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AYB250 (12)
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Lecture 8

Lecture 8 - Social Security and Financial Planning

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Department
Accountancy
Course
AYB250
Professor
All Professors
Semester
Spring

Description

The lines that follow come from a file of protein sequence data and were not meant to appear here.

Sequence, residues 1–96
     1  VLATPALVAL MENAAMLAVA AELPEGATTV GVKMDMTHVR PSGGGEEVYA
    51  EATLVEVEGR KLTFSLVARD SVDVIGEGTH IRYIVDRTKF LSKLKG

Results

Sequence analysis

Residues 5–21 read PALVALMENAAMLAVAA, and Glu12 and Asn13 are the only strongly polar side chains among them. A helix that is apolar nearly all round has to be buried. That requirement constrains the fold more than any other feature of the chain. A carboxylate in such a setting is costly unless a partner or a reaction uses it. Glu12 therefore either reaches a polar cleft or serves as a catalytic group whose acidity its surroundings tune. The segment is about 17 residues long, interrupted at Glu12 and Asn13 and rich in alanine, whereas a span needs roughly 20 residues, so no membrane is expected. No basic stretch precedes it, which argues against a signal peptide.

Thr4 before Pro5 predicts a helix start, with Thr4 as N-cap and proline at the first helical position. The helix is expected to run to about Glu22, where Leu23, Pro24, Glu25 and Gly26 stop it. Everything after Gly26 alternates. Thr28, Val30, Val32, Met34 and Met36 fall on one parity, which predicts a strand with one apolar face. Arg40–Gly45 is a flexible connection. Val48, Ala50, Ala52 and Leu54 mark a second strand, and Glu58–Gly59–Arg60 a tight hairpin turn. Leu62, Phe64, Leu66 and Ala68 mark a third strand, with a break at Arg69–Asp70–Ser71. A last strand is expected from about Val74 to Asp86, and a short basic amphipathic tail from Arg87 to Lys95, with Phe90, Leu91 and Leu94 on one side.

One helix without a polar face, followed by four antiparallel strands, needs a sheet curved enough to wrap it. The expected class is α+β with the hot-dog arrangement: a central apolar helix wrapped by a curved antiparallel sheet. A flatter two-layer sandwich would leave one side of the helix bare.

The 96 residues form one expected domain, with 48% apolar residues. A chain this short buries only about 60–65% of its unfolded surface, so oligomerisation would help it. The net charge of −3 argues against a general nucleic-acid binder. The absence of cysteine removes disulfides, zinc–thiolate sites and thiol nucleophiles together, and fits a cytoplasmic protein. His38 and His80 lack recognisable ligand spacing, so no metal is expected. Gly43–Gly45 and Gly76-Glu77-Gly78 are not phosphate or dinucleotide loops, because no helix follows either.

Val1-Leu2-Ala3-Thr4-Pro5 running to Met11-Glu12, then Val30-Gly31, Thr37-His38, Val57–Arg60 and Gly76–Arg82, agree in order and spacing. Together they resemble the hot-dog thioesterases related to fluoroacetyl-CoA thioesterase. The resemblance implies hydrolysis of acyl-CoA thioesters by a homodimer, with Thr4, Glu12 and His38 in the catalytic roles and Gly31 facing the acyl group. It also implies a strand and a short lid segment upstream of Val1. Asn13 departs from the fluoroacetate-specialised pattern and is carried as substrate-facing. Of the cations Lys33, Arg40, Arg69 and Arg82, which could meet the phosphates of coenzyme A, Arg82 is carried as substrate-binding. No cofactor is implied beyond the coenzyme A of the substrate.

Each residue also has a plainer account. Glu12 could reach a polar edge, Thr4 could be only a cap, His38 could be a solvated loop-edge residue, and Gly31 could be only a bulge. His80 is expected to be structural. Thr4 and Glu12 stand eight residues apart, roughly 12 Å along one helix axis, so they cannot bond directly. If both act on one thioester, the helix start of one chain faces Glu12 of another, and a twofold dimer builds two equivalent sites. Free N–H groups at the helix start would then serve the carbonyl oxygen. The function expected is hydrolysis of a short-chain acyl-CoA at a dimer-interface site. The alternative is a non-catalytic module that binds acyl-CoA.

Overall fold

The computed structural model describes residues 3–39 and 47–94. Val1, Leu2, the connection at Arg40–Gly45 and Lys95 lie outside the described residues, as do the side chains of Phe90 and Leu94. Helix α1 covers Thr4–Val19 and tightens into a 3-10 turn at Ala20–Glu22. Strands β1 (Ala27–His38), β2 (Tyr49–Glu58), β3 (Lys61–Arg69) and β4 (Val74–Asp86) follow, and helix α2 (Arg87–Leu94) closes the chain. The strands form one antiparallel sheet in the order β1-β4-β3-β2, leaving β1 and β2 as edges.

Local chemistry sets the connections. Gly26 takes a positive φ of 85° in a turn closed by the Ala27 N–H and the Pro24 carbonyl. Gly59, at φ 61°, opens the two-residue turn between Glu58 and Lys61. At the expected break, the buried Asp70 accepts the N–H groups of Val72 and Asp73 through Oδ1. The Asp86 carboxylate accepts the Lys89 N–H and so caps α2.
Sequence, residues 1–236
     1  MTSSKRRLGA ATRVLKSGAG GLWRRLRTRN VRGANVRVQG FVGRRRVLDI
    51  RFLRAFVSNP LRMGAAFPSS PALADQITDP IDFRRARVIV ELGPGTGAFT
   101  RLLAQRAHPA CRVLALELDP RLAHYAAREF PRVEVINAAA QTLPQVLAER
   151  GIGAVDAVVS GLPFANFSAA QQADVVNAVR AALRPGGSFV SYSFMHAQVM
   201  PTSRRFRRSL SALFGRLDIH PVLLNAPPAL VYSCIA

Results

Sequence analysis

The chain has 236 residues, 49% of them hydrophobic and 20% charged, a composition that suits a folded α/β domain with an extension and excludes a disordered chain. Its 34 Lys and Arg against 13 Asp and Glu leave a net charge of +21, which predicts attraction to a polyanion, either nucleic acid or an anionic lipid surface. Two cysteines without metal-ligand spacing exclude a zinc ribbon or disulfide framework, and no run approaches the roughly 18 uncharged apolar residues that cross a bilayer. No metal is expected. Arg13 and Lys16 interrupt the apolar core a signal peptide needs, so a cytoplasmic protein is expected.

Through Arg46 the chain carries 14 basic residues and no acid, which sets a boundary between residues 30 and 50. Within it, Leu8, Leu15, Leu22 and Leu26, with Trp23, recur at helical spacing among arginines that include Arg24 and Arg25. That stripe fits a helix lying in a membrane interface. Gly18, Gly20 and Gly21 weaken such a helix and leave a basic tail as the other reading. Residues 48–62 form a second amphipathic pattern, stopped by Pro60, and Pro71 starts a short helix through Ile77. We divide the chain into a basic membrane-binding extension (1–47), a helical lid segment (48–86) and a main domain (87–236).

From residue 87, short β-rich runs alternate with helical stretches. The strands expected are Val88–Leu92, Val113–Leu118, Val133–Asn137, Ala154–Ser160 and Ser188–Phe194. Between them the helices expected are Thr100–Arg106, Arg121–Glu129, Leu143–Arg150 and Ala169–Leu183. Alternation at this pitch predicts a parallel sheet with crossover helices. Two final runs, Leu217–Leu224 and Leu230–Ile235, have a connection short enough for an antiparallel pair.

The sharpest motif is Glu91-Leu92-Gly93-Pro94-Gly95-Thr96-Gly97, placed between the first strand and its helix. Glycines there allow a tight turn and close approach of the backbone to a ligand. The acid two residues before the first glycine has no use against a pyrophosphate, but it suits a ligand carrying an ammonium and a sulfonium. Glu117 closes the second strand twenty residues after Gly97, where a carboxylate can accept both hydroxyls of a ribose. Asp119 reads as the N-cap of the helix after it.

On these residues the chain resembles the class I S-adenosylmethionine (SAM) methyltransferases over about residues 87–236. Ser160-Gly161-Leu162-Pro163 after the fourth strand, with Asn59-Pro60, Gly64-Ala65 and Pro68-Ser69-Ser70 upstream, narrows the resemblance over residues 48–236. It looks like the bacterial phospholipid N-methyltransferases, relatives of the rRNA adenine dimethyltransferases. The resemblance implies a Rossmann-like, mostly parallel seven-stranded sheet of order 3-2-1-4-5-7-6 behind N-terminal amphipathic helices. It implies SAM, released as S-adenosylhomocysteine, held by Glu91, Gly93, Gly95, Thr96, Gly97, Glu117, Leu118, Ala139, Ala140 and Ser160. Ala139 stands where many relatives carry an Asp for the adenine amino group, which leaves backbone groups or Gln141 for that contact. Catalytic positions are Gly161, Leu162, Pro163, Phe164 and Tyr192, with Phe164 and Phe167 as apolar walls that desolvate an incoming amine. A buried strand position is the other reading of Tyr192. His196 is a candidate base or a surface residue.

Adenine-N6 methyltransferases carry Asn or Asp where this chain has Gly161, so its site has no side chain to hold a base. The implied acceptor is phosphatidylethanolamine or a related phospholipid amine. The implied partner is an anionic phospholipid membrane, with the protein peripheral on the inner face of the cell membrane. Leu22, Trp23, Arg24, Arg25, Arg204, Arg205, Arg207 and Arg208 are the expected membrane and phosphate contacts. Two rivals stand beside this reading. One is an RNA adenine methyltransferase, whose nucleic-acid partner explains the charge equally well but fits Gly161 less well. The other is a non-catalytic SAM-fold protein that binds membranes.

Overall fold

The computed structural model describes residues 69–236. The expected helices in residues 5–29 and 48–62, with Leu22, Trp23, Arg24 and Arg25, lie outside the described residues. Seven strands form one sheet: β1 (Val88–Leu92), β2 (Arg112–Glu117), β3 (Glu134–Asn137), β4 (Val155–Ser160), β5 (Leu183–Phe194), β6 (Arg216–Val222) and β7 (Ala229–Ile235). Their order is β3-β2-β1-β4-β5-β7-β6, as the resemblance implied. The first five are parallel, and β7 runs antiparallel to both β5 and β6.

LECTURE 8 – SOCIAL SECURITY AND FINANCIAL PLANNING Eligibility  Qualifying criteria vary from one pension or benefit type to another but typically require applicants to meet certain age and residency requirements.  Most social security payments are means tested in order to provide benefits to people most in need. Administration  Centrelink (est 1997) is charged with the responsibility of making social security payments and providing other services on behalf of the Commonwealth Government. Types of Payments  Age Pension — a safety net income for people who are unable to fund their retirement adequately. o The Age Pension represents approximately 25 per cent of average weekly earnings. o The Age Pension was introduced in Australia in 1909 to meet the basic living expenses of older people.  Disability Support Pension — for people with disabilities, illness or injury preventing them from working full- time.  Carer Allowance — income supplement for someone who provides daily care for a person with an illness or a disability.  Austudy — payments for people undertaking qualifying study who are 25 years or over.  Youth Allowance — an allowance for full-time students aged 16–24, or those temporarily incapacitated for study.  Newstart Allowance — for unemployed people aged 21 or more but under the eligible age for the Age Pension. People in receipt of the allowance must be willing to search for and accept suitable paid work.  Widow Allowance — an allowance paid to women 50 years of age or over who have no recent work experience and are widowed, divorced or separated Qualifying Age (Age Pension)  The Age Pension is paid to individuals who meet certain age and residency criteria. o For males, the minimum qualifying age is 65 years. o For females, the qualifying age is progressively increasing to 65 years with the eligible age established by the pensioner’s date of birth. Means Testing  Two tests are used to determine the Age Pension - the Assets Test and the Income Test. o Each test is applied and the one which produces the lower pension entitlement is the applicable test.  When advising a client, it is important to establish which test applies, as this may have an important bearing on the type of investment strategies recommended to the pensioner. Asset Test – Types of Assets to Include:  financial investments, including cash, bank accounts, listed shares and securities, managed investments and loans to family members  personal items and house contents such as clothing, hobby collections, paintings, art and electrical appliances (but not fixtures such as stoves)  motor vehicles, caravans and motor bikes  real estate, including holiday homes  businesses and farms  the surrender value of life insurance policies  gifts above $10,000 per income year or $30,000 in a five year period. Asset Test – Types of Assets which are Excluded:  Your principal family home and any permanent fixtures such as wall-to-wall carpet and wall heaters, and either: o Up to 2 hectares of privately used surrounding land on the same title document as the home, or o All land greater than 2 hectares on the same title document as the home if you are eligible for the new rules for farmers and rural homeowners  Life interest (not created by you or your partner)  Granny flat interest (if the amount paid is above the difference between the homeowner and non-homeowner allowable assets levels)  The value of any right or interest you have in a sale/lease back home (if the deferred payment amount under the contract is more than the difference between the homeowner and non-homeowner allowable asset levels)  Any reversionary, remainder and contingent interest (not created by you)  Any interest you have in an estate before the estate is able to be finalised  Any medal or decoration for valour you have as long as you do not have it for investment or hobby purposes  Aids for disabled people  A gift car provided by the department of veterans' affairs  If you sell your principal home the proceeds of the sale will be exempt for up to 12 months, as long as you are planning to use the proceeds to buy another home. o This exemption can be extended for up to an additional 12 months if you are experiencing delays beyond your control in acquiring a new home.  The value of any accommodation bonds for hostels  The value of your and/or your partner's investment in a first home saver account  Any assets you have in superannuation and rollover funds if you are under age pension age  For the exceptional circumstances relief payment, farm assets are exempt  The value of a cemetery plot for you or your partner, and either: o Prepaid funeral expenses, or o Up to two funeral investments/bonds that cost no more than $10,250 in total Asset Tests Limits  The pension Asset test ‘free area’ is currently $181,750 for singles and $258,000 for couples combined.  The rate at which excess assets affects the pension is $1.50 per $1000 singles or couples combined. Insert Example on Page 3 Here Income Test – Income which is included:  Deemed income from financial investments  Gross income from earnings, including fringe benefits  Employment income salary sacrificed into superannuation  Net income from businesses, including farms  Family trust distributions or dividends from private company shares  Net income from rental property  Total net losses from rental property  Income from boarders and lodgers  Superannuation  Reportable superannuation contributions (salary sacrificed contributions) o Reportable superannuation contributions include discretionary superannuation contributions. These are also referred to as concessional or before-tax contributions. For example: o Voluntary salary sacrificed superannuation contributions made by you or on your behalf by your employer. These contributions are above what is required by law, such as the industrial award or the superannuation guarantee levy (currently 9%) o Total superannuation contributions made by you as a self-employed person, for which you can claim a tax deduction.  Non-Australian pensions and income  Any income from sources outside Australia  Income from income stream products, such as annuities and allocated products.  Reportable superannuation contributions, and o Include discretionary super contributions for example:  Voluntary salary sacrifice super contributions made by you or on your behalf by your employer  Total super contributions made by you as a self-employed person for which you can claim a tax deduction  Total net losses from rental property or investment income. o Total net investment losses will be included as income and used to work out eligibility for some centrelink and family assistance office payments. Centrelink and the family assistance office already include the amount lost from rental properties in assessable income for affected payments. Together, net losses from rental properties and net losses from financial investment are known as total net investment losses. o It is important that losses are recorded from investment earnings only, not capital losses. Investment earning includes taxable